The issues are there. And so, too, are the new methodologies for approaching them. The rise of the digital humanities and the accessibility of online key word search techniques like the Google Ngram (a mixed blessing which needs to be used with care) offers new opportunities for historians, but also for public access to data. Such methods also enable access to what is not public and easily available- the Dark Archive and also collections of unpublished data brought together for activist purposes. The use of the internet for collecting and sharing data has given rise to the bundling of new collections of data by non-governmental activist groups. Wikileaks is one example of a potential historical collection. Historians, it is argued, must engage, take a leading role, in the use and development of such methods. They can start engaging with the big picture, writing in an accessible way for the public but also spending time on how data is being digitised and what is being preserved, in essence returning to those debates about who and what is ‘hidden from history’ which also animated radical historians in the 1970s.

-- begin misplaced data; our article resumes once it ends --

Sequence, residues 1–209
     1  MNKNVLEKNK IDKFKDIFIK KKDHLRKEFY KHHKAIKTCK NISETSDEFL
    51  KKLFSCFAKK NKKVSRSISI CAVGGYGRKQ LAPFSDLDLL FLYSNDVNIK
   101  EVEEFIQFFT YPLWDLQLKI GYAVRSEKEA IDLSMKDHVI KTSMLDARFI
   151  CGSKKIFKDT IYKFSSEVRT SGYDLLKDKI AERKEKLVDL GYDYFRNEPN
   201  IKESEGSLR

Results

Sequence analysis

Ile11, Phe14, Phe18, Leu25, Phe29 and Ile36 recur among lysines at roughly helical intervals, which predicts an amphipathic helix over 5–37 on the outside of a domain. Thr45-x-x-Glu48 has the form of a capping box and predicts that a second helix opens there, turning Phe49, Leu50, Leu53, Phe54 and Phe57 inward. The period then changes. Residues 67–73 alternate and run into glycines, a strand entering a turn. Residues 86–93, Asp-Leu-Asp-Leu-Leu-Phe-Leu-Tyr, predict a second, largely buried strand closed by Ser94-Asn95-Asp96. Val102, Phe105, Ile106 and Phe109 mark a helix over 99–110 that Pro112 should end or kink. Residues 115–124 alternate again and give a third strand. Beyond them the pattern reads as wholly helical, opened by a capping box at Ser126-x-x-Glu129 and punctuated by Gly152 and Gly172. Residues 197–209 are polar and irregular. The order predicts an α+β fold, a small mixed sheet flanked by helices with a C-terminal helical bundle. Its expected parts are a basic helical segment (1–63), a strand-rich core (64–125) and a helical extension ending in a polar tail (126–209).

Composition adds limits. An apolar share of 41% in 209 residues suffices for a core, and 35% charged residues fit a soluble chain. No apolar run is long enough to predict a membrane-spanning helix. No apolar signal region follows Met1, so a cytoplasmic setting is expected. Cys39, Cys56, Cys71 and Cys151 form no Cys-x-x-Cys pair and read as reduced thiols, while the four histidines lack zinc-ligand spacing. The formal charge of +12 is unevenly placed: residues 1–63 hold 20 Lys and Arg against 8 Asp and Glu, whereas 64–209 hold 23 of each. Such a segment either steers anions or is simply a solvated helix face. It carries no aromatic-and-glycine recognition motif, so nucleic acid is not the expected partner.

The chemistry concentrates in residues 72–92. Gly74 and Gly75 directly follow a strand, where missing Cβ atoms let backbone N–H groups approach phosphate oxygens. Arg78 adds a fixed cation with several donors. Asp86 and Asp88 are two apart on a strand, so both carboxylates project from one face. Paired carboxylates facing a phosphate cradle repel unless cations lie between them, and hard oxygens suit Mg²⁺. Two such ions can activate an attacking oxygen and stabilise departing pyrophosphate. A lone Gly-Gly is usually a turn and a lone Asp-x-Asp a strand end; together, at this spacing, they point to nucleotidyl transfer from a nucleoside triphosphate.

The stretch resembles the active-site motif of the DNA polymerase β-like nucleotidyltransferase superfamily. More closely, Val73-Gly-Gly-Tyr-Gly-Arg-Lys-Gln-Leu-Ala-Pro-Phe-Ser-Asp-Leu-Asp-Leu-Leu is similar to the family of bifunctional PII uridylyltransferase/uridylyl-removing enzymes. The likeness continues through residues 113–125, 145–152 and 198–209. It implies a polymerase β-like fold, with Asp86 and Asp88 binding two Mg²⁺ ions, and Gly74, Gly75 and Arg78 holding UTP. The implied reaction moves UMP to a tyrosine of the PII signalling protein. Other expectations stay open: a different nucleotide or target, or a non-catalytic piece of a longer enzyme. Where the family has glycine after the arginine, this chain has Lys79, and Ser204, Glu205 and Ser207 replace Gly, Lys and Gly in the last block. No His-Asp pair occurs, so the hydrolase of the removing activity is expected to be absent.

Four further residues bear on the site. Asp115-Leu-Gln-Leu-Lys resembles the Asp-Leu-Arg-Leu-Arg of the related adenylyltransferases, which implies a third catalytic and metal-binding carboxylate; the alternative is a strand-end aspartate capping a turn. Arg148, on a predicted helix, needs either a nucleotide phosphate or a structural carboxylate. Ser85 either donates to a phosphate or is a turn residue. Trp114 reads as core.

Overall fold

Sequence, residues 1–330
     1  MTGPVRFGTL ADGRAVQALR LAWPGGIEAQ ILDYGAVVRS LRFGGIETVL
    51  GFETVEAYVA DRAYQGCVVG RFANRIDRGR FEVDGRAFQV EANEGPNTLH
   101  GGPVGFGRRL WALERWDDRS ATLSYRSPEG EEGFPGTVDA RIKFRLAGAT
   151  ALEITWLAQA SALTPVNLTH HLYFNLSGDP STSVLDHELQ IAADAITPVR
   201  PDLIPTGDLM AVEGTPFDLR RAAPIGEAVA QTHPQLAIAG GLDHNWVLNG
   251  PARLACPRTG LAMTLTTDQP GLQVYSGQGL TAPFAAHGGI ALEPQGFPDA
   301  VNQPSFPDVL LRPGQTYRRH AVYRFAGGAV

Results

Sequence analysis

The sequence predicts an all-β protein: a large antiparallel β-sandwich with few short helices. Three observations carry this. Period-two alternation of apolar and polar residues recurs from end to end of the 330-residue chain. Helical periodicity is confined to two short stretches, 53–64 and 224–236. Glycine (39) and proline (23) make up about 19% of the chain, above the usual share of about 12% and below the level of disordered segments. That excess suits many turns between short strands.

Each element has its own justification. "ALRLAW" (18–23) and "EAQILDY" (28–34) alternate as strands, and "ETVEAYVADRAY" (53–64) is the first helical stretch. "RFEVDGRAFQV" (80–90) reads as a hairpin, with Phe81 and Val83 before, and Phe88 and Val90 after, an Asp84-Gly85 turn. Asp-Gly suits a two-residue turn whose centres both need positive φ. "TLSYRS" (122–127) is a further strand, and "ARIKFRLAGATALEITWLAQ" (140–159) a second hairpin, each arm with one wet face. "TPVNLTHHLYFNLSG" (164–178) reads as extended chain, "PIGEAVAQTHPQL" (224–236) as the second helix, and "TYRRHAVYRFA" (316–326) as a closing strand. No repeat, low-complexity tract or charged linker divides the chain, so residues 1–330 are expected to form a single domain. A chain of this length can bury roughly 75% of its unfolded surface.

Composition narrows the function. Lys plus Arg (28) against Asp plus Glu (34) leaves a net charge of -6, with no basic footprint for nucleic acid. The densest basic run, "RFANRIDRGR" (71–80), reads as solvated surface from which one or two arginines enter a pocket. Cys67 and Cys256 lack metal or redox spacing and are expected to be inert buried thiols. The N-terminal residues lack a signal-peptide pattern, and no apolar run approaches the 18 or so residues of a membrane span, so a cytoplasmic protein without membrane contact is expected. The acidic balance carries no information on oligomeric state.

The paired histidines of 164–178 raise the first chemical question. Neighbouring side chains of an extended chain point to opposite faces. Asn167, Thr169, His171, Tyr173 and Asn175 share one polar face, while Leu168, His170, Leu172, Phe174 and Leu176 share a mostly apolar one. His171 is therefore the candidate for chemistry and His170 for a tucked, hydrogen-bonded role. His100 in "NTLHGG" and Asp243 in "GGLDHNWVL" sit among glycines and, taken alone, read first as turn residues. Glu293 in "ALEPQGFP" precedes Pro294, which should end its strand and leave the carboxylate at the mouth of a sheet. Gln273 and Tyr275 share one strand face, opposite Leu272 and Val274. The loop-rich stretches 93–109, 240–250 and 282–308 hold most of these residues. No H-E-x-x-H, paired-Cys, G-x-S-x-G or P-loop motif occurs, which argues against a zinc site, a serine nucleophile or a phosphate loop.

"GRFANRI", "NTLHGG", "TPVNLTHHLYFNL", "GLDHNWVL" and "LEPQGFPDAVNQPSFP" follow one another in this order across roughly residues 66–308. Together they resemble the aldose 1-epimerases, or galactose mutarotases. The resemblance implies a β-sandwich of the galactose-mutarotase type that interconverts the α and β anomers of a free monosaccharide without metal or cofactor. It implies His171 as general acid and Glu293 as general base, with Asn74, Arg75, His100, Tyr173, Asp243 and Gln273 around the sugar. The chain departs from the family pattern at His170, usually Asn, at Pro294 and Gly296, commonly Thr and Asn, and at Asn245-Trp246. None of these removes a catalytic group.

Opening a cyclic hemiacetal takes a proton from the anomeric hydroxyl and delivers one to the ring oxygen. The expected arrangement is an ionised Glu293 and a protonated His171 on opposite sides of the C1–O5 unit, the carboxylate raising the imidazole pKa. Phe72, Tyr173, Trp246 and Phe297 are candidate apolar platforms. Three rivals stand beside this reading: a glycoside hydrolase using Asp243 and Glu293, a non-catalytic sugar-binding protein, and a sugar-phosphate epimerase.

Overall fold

The digital ‘turn’ offers many new possibilities. In their enthusiasm, the authors do not discuss the critiques of such methods, some of which have argued that digital sources close down options and encourage easy overuse of particular collections, which have their own biases. As with much writing by US academics, the United States is the primary focus of attention and thus the authors have missed some relevant recent developments in the UK. Here the role of history in relation to policy and the public has already attracted action, funding and debate. The foundation of History and Policy a decade ago emphasised the interest of British historians in addressing the divide; the ‘impact’ agenda central to the UK government’s REF (Research Excellence Framework) has made historians very aware of this aspect of their work and obliged to demonstrate it; and public engagement awards from funders such as the Wellcome Trust have seen historians taking on new roles in the community.